Atom Dynamics and Diffusion on Surfaces
This thesis is a theoretical study of atomic diffusion processes in condensed matter, with particular emphasis on surface diffusion. Oxygen adsorption and diffusion on the (111) surface of platinum is studied using a first-principles pseudopotential plane-wave approach based on density functional theory, with local (LDA) and semi-local functionals (GGA) for the exchange-correlation energy. The study resolves an inconsistency between experimental and theoretical results in the literature. The oxygen induced surface buckling and vibrational frequencies are found to be in good agreement with experimental data. This first-principles method is also used to explore the diffusion processes at edges, kinks, and corners of islands on the Al(111) surface. The calculated diffusion barriers are converted into a set of activation temperatures through ordinary transition state theory, and used to predict the temperature evolution of the surface morphology. Recent scanning tunneling microscopy experiments confirm several calculated results in great detail, which indicates a good accuracy in the theoretical approach. The Al(111) surface is further investigated in a first-principles study of the dynamics and diffusion of Al dimers. An unexpected ground state is found and explained in terms of elastic energy. A new diffusion path is revealed and shown to be blocked by compressive strain. A smooth potential energy surface enables exotic dynamic behavior, and the possibility of a pure metal quantum rotor is addressed.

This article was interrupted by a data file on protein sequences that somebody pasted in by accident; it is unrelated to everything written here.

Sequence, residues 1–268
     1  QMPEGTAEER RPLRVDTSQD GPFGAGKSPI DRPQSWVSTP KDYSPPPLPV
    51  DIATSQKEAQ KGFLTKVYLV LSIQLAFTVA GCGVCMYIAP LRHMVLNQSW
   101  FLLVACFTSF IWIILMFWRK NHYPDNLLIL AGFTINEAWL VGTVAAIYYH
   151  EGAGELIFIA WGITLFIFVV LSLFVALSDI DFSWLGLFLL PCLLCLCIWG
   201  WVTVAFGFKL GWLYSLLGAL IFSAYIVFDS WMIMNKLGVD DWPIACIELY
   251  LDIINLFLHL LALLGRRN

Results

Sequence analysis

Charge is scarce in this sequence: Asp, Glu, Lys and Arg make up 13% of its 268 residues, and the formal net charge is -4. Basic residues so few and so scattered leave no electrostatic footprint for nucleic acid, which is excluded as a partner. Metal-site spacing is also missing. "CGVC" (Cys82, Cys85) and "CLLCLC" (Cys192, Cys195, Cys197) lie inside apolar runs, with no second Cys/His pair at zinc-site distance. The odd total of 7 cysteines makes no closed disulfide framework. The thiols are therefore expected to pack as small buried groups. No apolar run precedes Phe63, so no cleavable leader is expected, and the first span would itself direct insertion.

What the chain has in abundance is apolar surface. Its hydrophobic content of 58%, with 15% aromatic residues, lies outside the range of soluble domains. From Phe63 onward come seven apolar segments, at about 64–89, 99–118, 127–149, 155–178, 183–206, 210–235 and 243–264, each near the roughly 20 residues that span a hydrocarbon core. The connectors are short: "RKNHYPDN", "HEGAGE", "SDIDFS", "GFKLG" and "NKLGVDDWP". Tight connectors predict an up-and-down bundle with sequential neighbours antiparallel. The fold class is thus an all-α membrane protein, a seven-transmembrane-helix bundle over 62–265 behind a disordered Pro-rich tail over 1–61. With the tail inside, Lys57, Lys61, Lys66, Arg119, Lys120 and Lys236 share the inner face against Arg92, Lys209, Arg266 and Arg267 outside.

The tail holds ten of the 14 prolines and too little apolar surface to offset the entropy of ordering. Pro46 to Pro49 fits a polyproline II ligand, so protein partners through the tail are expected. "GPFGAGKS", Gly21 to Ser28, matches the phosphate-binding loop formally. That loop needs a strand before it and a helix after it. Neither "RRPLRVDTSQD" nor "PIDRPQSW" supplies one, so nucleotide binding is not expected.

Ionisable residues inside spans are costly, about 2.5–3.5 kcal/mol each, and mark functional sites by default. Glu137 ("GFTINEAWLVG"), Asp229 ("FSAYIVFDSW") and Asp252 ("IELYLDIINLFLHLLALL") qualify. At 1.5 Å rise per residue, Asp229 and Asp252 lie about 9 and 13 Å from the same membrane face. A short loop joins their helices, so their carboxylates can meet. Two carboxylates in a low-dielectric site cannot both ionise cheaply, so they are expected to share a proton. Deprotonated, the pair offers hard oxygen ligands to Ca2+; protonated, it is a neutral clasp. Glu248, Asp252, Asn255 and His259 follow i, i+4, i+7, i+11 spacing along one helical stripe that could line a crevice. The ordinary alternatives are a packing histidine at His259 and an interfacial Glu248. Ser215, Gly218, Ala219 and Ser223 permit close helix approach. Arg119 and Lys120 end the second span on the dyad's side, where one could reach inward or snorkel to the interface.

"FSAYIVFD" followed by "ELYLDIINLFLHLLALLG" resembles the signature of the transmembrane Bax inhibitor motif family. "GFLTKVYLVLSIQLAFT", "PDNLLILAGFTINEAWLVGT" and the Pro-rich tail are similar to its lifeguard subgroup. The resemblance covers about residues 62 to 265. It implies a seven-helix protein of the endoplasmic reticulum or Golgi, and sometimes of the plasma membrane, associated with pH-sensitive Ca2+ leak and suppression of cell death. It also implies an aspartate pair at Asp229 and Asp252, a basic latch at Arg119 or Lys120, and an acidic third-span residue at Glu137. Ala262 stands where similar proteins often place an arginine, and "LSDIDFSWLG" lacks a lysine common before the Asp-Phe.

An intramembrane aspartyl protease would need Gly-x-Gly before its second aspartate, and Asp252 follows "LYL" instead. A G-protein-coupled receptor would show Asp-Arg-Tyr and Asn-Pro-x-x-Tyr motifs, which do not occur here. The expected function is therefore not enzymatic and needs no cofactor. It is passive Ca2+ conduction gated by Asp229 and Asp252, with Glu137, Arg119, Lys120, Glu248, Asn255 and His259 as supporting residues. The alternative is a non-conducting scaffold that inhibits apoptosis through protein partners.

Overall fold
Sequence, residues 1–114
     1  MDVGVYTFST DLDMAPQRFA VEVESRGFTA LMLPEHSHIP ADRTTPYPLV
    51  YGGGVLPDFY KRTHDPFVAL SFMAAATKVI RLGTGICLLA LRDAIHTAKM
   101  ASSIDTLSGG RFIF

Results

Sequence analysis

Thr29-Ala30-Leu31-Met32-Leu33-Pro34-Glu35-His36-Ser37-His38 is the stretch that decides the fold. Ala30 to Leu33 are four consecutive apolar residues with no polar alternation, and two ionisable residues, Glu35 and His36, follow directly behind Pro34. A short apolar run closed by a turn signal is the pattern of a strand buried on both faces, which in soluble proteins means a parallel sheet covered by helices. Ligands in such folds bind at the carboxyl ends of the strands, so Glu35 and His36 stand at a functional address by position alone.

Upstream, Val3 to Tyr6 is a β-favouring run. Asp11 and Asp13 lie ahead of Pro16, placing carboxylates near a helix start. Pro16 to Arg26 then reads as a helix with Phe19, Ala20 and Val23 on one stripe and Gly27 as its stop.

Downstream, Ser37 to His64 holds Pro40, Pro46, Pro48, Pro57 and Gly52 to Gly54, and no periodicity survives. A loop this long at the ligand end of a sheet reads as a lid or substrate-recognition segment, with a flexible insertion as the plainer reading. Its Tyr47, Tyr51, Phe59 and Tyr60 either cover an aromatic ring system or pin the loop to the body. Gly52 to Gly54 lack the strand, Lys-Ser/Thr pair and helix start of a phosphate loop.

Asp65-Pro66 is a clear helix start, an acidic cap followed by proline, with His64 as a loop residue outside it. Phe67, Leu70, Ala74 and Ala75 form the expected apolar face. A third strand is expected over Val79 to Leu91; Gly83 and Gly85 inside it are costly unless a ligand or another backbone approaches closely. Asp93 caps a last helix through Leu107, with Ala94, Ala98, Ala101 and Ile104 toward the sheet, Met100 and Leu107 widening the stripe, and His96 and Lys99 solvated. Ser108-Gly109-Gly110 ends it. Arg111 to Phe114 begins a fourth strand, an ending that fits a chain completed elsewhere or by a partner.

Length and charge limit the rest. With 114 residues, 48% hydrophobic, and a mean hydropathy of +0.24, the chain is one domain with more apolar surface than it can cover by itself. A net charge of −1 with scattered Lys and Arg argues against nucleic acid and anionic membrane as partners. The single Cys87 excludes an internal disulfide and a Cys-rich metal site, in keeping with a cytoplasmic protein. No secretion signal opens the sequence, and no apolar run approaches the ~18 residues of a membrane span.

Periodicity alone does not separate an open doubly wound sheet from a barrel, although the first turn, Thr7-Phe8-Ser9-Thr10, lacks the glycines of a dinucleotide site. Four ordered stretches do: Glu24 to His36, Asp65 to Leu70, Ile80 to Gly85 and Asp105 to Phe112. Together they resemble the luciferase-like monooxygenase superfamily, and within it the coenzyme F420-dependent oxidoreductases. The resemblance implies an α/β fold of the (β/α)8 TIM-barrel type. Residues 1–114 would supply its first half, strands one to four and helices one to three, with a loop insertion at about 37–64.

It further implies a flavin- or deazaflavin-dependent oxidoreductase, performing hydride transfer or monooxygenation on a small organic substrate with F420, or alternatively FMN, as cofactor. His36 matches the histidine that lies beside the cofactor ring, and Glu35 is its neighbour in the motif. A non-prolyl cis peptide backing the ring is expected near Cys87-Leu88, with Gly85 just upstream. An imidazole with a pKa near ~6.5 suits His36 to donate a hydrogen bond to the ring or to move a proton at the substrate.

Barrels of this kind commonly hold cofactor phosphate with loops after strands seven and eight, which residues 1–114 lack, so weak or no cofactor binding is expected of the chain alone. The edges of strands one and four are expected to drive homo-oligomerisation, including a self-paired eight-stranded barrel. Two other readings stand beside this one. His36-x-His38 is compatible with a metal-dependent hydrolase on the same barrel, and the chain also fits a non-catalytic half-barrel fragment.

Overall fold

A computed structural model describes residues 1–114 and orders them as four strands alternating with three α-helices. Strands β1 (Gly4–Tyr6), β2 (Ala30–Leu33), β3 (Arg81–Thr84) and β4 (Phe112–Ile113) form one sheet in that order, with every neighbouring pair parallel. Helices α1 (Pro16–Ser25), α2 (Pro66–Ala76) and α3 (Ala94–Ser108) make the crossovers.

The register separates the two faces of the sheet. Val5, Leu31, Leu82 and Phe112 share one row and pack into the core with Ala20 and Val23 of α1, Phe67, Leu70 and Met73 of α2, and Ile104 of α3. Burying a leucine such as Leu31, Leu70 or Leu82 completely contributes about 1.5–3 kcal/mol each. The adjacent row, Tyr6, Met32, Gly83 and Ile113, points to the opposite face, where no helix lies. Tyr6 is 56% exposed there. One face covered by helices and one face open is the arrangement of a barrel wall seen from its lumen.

The time domain is stretched considerably in a kinetic Monte Carlo study on the motion of large atom islands. A fundamental break-down of regular scaling theory is found, which is now confirmed by experiments and other simulations. This result calls for a reevaluation of experimental analysis where the atomic migration mechanism has been deduced from the size scaling of the diffusion coefficient, and bears consequences in long-time studies of the evolution of the surface morphology by coarsening and Ostwald ripening. The shortcomings of scaling theory are addressed with the development of a new, kinetic, theory.
Self-diffusion in liquid gold is studied using a many-atom interaction potential within the effective-medium theory. Thermal and structural properties are in good agreement with experimental results. The molecular dynamics simulations reveal a parabolic temperature dependence of the self-diffusion coefficient, as recently measured in micro-gravity experiments on other non-simple metals.